Stephen Gottlieb: Supreme Court Plays Guardian Counsel in the Health Care Argument
Let’s understand what that argument about the health insurance mandate was about. Everybody agreed that a single payer system would have been constitutionally OK. It would have been based on the taxing power. However toxic taxes are to the public, legally they are not particularly toxic. Everyone admits the taxing power is broad.
A single payer system would have been based on a tax. With a tax, taxpayers would have no choice. The tax is required. We taxpayers pay. End of story. That’s the way the government provides Medicare and Medicaid. And both are clearly constitutional. In fact, the states complaining the loudest about the health insurance mandate, complained to the Supreme Court that Congress threatened to exclude those states from Medicaid if they refused to abide by the new provisions. Medicaid has always been tax based. Taxes weren’t the problem.
But lots of people have been telling us that conservatives like choice. So Congress didn’t pass a tax. Congress didn’t create a system in which we the taxpayers have no choice. Instead it said, here is what this program is going to cost. Now you choose how or to whom to pay that cost. That should have been conservative heaven.
But no. It turns out that the problem with the Affordable Care Act was that it gave people a choice. Worse, it gave conservatives a choice. It said here is the market you adore. So you don’t have to pay the government – although you have that option. You can buy health insurance in the market, the sacred market. And the conservatives pounced – on Obama.
What this reveals to me is that the battle has nothing at all to do with health care, constitutional powers, or the market. It’s all about Republicans vs. Democrats. If the Democrats do it, Republicans will pounce. Romney proposed a conservative, market based approach to health care in Massachusetts. As soon as Obama endorsed it as President, the Massachusetts health insurance system became toxic to Republicans.
I thought conservatives had principles. But pure partisanship is not a principle. It is war, ugly, hellish war with collateral damage to ordinary members of the public. Given that the stakes are health care, there will be loss of life and limb.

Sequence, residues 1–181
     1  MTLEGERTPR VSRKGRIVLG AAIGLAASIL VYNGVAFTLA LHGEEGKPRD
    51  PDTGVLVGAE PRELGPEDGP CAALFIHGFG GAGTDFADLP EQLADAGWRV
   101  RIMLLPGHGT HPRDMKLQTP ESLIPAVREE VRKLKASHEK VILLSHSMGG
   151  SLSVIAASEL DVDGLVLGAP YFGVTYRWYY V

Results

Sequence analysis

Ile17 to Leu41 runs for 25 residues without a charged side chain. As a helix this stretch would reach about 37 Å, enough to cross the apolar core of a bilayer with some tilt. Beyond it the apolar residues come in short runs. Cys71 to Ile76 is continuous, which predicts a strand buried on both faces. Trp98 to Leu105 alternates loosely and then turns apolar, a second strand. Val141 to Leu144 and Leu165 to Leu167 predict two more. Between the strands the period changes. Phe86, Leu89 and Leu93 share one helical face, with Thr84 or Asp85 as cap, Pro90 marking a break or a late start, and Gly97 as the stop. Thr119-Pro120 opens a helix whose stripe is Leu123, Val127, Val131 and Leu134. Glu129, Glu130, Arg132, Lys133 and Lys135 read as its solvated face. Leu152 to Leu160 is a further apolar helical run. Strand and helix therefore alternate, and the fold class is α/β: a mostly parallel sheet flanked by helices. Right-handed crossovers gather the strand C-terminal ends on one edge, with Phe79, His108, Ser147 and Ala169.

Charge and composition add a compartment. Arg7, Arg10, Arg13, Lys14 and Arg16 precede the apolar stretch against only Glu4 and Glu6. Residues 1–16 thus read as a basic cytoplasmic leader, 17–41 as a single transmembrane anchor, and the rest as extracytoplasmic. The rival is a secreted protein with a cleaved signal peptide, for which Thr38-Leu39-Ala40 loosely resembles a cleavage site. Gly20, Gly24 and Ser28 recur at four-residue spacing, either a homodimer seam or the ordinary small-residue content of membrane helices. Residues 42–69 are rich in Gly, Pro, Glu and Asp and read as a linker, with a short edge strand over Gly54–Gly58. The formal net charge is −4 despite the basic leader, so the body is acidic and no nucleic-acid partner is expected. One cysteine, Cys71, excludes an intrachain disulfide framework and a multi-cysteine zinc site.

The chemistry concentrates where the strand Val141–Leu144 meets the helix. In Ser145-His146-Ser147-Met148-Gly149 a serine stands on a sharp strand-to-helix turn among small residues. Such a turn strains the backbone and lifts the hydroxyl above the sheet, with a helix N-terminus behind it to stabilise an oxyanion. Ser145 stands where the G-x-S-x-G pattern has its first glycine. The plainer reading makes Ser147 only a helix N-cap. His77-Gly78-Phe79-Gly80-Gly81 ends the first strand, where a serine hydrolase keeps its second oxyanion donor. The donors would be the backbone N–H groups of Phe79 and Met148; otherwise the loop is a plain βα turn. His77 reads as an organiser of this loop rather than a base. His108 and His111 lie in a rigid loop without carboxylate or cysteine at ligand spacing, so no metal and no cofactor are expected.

I don’t know what the Court will do but I suspect they will not decide on principle. The questions they asked have little to do with constitutional law. The conservatives on the Court kept peppering the Government’s lawyer with questions about what else the government could require. The Constitution does not outlaw everything that the people would vote against. It does not outlaw every bad idea – and God knows our politicians have had plenty of those.
Our Constitution created a democratic system. It left it up to us, the people, in the voting booth, to decide what’s good or bad. That is the constitutional issue – whether the Court is going to allow the people to make that decision or the Court is going to take that over as if it were the Ayatollah of Iran and his so-called Guardian Council, composed of religious clerics, that squelch every attempt at reform and veto every attempt of the Iranian people to establish a democratic system of government.
May the Lord save our Democracy. But don’t count on our Court to give it a moment’s thought.
Steve Gottlieb is Jay and Ruth Caplan Distinguished Professor of Law at Albany Law School and author of Morality Imposed: The Rehnquist Court and Liberty in America. He has served on the Board of the New York Civil Liberties Union, and in the US Peace Corps in Iran.
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